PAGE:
Working out priorities when Wakhan needs to choose a card is done by means of a table and this is probably the most complex part. Other than that, playing Pax Pamir solo is very smooth. I’m not sure if I’ll ever be able to play it multiplayer and see how it compares, but I am thrilled to have it as part of my solo game collection.
Imperium Classics (and Imperium Legends, though I’ll just refer to both games by Classics from now on) is a civilisation themed deck building game. It is not a quick game and it is not beginner friendly; there are a lot of key words, symbols and different card types to consider (don’t get me started on some of the more complex civilisations). Scoring at the end is also quite involved and a bit fiddly. Yet it is also a phenomenal experience and is my all time favourite game.
There is a lot of variety to enjoy amongst the 8 (16 if you get both sets) civilisations and learning the strengths of each is key to doing well.
Imperium Classics plays at up to 4, though you should not hesitate to pick this up knowing you will only ever play it solo. The bot is very well designed, using a table unique to each civilisation. I won’t go through the nuances of it here, but after a couple of rounds, the bot turns are carried out very quickly, allowing you to get back to the fun of taking your own turns.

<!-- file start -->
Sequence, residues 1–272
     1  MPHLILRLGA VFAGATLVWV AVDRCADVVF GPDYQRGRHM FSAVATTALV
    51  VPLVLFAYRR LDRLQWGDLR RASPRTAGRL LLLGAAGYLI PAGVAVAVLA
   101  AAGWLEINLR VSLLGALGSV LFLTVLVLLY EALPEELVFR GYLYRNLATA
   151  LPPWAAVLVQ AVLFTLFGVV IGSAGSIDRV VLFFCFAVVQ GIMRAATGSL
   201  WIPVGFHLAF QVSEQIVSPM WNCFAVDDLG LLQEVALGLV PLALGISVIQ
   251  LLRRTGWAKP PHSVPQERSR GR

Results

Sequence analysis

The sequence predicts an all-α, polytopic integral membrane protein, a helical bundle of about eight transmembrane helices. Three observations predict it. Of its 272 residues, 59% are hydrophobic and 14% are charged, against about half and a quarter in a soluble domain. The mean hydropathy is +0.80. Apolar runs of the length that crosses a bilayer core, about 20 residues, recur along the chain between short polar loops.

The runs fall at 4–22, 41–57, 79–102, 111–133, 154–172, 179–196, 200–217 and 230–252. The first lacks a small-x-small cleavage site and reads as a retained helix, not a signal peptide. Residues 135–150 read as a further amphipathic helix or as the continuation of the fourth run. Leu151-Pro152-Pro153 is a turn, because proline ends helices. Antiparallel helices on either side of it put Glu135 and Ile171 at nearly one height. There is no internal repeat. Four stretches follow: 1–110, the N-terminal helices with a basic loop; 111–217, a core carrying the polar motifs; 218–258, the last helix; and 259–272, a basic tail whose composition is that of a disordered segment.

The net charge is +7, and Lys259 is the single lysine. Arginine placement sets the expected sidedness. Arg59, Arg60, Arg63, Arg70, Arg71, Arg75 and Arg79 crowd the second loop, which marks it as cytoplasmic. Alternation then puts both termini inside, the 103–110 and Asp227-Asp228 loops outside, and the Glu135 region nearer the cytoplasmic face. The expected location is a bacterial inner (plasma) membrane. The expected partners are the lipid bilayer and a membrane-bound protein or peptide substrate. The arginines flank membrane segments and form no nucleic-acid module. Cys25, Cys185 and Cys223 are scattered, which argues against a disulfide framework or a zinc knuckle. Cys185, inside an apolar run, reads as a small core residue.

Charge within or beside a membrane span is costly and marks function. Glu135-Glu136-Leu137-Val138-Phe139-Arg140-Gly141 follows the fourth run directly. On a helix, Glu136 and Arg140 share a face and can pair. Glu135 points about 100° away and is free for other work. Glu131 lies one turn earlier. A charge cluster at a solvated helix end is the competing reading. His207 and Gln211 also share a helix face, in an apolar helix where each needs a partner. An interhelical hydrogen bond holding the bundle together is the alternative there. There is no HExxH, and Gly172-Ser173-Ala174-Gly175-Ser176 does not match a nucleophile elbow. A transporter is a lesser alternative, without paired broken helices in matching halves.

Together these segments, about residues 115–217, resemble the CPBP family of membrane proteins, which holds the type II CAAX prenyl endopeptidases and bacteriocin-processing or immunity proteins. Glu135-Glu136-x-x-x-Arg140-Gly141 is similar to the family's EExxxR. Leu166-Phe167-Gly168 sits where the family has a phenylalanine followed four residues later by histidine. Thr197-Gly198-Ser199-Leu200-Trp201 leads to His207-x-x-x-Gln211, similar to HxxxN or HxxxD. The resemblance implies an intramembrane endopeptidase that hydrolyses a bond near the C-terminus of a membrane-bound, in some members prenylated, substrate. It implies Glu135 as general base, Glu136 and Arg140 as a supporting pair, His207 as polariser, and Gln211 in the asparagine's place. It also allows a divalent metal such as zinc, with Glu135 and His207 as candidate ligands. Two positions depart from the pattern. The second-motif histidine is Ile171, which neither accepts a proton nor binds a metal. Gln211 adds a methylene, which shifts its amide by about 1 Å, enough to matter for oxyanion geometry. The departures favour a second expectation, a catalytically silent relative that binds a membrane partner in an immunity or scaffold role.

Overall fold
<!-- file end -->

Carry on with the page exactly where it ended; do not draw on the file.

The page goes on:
The more I play Imperium Classics, the more I enjoy it. I know the market deck thoroughly now and understand which cards combo well with each other. I’m also aware of what the bot opponents will try and do and try to plan and adapt my strategy accordingly. Imperium responds to player improvement with its 5 difficulty levels, keeping the game challenging. Difficulty 4 of 5 is my sweet spot.
The solo mode of Imperium Classics is so good, I would happily never play it with other humans ever again. I have played it 2 player several times and enjoy introducing my favourite game to people, yet, again, aside from the social aspect, I find there is no difference compared with playing it solo.
Imperium Classics is absolutely worth it for solo and I can’t think of a more worthy game to top this list. I’ve played nearly 70 solo games of it and it is still an effort to drag myself away and give some of my other games some table time. At well under £30, I’d argue Imperium Classics is by far and away the best value on this list too!